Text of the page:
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  • Taking Chances2:24

          Health Maintenance Organizations (HMOs) are constantly coming under attack by plaintiff’s lawyers for engaging in cost saving measures which have the potential for compromising patient care.  One concern that plaintiffs in medical malpractice suite have with HMOs is the financial incentives that they offer to physicians that may discourage them from formulating more complicated treatment plans.  Patients argue that they have the right to know if their doctor’s medical treatment plans are being impacted by these types of incentives.  Both judiciary challenges and legislative efforts have been underway in a number of jurisdictions to address the patients right to know about how their physician is being compensated. 

            In the case of Neade v. Portes, the Supreme Court of Illinois recently considered whether the wife of a deceased patient could bring a claim against her husband’s treating physician and the practice group he worked at for failing to disclose that they were entitled to financial benefits from her husband’s HMO if they kept the costs of his treatment down.  Anthony Neade, who was a heavy smoker, had a family history of heart disease, and a medical history of hypertension, high cholesterol, and obesity.  In 1990, at the age of 37, he began to experience symptoms of coronary artery blockage which included chest pain extending to his arm and shortness of breath.  On August 10, 1990, Mr. Meade’s primary care physician admitted to the hospital to conduct several tests including a thallium stress test and an EKG.  The these tests where reported as normal and Mr. Meade was diagnosed with hiatal hernia and/or esophagitis. 

            After his discharge from the hospital, Mr. Meade returned to his primary care physician on three occasions within in the next month with complaints of continued chest pain radiating into his neck and arm.  Relying on the tests conducted while Mr. Meade was in the hospital, his primary care physician advised him that his symptoms were not cardiac in nature.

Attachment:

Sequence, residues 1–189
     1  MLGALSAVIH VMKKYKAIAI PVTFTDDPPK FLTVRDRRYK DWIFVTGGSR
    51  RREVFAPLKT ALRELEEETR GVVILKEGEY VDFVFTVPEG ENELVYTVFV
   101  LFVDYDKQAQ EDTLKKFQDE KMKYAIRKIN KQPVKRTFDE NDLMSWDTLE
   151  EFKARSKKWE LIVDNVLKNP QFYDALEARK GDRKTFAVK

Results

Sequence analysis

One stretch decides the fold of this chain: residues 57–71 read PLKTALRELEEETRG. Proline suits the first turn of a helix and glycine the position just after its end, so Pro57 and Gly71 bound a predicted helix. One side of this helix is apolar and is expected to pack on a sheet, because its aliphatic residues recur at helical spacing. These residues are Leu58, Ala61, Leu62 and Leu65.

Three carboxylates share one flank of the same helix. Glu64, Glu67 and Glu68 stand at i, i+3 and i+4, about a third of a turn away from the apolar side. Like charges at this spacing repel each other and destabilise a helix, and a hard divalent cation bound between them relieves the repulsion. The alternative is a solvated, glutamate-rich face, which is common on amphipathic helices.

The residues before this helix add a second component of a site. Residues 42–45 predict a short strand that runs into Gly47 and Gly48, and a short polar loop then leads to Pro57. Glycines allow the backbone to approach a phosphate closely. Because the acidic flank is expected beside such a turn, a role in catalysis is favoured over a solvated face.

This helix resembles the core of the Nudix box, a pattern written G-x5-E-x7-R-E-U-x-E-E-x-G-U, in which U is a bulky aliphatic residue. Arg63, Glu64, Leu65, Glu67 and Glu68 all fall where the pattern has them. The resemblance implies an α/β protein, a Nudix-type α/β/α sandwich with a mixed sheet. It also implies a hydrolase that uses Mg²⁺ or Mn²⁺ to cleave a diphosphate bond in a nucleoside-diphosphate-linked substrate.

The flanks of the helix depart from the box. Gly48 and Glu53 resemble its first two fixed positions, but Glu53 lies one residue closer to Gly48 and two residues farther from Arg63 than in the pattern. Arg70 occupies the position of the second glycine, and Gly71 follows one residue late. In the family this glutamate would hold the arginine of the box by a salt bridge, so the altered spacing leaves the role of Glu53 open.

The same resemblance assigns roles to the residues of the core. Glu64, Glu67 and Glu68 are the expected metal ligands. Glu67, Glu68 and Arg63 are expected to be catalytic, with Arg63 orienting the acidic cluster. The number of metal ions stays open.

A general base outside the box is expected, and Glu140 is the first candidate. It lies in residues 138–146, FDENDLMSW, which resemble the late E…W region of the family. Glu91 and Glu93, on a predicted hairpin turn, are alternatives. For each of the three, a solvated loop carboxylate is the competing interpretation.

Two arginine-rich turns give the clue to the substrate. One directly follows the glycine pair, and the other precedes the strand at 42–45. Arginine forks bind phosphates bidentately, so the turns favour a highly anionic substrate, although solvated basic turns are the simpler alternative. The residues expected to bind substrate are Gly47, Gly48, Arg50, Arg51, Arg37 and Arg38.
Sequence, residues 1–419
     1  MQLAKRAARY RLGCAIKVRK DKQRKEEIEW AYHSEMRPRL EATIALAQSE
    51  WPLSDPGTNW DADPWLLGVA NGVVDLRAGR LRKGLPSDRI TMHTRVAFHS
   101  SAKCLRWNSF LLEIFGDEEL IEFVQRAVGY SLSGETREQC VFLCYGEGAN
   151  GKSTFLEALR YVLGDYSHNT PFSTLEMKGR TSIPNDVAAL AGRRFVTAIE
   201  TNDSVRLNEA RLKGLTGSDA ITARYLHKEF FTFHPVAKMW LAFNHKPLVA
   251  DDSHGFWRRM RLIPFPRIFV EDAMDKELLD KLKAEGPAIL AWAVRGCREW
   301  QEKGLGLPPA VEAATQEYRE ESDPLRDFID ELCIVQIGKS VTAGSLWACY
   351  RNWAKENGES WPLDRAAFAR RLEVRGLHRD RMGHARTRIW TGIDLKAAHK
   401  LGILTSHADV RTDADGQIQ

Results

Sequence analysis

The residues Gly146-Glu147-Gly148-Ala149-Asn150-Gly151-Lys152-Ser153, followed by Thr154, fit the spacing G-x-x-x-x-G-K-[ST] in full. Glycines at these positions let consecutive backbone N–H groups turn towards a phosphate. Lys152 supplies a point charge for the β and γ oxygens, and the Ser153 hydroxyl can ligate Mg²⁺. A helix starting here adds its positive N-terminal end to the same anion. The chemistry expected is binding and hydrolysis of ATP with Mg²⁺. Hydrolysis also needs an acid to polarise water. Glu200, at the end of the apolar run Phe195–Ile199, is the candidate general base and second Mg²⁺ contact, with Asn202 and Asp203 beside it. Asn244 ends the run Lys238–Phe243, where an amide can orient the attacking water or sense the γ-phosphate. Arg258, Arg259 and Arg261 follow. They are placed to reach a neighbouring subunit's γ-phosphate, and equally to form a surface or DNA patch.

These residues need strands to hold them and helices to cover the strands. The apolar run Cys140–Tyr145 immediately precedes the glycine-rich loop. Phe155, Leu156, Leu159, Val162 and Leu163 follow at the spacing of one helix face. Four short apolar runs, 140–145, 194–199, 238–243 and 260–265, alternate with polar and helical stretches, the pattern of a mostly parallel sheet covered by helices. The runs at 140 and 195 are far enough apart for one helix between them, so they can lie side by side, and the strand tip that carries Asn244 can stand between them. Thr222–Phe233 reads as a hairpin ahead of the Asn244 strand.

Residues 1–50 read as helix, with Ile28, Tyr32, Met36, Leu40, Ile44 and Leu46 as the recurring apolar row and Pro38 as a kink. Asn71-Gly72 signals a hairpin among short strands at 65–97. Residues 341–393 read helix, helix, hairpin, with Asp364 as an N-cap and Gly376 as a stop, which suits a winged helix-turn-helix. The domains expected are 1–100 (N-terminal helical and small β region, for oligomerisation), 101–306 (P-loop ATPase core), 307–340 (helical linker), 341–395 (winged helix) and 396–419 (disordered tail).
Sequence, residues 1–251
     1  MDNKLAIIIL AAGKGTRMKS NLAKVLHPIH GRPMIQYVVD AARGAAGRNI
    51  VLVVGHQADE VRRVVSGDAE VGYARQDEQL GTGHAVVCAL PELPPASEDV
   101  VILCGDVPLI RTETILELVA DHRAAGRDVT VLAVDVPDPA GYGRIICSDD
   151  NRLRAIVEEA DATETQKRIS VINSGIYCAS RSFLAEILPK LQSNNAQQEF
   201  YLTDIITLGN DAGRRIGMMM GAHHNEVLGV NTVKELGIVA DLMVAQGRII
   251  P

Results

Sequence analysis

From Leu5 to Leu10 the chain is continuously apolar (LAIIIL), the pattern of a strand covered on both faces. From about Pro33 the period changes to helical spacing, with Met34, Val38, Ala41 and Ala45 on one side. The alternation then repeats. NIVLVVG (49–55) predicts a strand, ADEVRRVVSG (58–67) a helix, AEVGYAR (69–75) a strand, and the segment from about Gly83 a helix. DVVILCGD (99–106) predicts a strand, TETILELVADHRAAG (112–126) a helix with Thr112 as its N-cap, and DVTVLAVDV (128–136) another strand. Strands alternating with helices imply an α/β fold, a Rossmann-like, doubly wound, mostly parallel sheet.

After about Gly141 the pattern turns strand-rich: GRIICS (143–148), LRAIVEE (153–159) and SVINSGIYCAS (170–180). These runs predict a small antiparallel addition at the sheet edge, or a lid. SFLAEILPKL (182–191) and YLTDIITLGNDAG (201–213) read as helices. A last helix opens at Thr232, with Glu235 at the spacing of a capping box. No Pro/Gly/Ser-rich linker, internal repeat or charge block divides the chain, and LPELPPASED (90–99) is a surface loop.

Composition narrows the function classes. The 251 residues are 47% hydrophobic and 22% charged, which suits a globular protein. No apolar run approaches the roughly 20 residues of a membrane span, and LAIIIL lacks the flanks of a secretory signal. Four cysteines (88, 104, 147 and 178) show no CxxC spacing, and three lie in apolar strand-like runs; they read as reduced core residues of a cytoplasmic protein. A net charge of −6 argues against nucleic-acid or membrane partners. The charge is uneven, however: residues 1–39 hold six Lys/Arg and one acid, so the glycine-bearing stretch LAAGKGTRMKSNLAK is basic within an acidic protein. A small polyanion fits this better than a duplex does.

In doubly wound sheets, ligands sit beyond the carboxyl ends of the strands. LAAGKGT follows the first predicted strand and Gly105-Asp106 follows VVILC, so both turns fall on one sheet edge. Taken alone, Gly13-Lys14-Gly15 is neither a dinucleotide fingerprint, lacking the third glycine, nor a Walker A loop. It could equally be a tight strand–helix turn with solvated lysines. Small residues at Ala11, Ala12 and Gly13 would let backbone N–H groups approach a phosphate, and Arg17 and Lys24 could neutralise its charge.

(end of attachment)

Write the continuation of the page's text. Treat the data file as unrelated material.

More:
In October of 1990, Mr. Meade again returned to his primary care physician’s office and was examined by one of his associates.  The physician who examined Mr. Meade suggested conducting an angiogram, a test which is more specific for diagnosing coronary artery disease.  Despite this recommendation, Mr. Meade’s primary care physician did not order any additional  cardiac testing. 

            When Mr. Meade returned to his doctor’s office in June of 1991 with continued symptoms, another physician suggested an angiogram.  Mr. Meade’s primary care physician did not authorize this procedure and relying on the thalium stress test determined the symptoms were not cardiac in nature. 

            On September 16, 1991, Mr. Meade suffered a massive myocardial infarction caused by coronary artery blockage and died nine days later. 

            Mr. Meade’s widow then filed a wrongful death claim on behalf of her husband’s estate.  In addition to claims of medical negligence, Mrs. Meade claimed that her husband’s primary care physician and his physician group owed her husband a fiduciary duty to disclose the details of the financial benefits they were entitled to gain by keeping the costs of her husband’s care down.  The primary care physician had negotiated an agreement with Mr. Meade’s HMO whereby he and his medical group would be paid an annual fee of $75,000 to cover the costs of Mr. Meade’s medical care.  If there was any money remaining from this fee at the end of the year, the physician group would keep 60 percent of the fee, with the remaining money going back to the HMO.  In the event that the annual fee did not cover Mr. Meade’s medical care costs, the physician group would be responsible to fund the costs of treatment. 

            Mrs. Meade claims that if she had known about the financial incentive arrangement, she would have sought a second opinion from a physician outside of the physician group.  In addition, Mrs. Meade offered expert testimony stating that her husband’s physician had an ethical obligation to disclose his financial interest in withholding care. 

            The defendant doctor moved to dismiss the plaintiff’s claims for breach of fiduciary duty which was granted.  On appeal, Circuit Court of Lake County reversed the dismissal and held that evidence of financial incentives could be relevant to a doctor’s credibility in a medical malpractice case.  The Supreme Court of Illinois reinstated the dismissal of the breach of fiduciary duty claim holding that such a claim was duplicative of the plaintiff’s medical negligence claim.  However, the Supreme Court of Illinois agreed that the evidence of financial incentives may be relevant to the issue of bias if the defendant physician testifies in the medical malpractice case.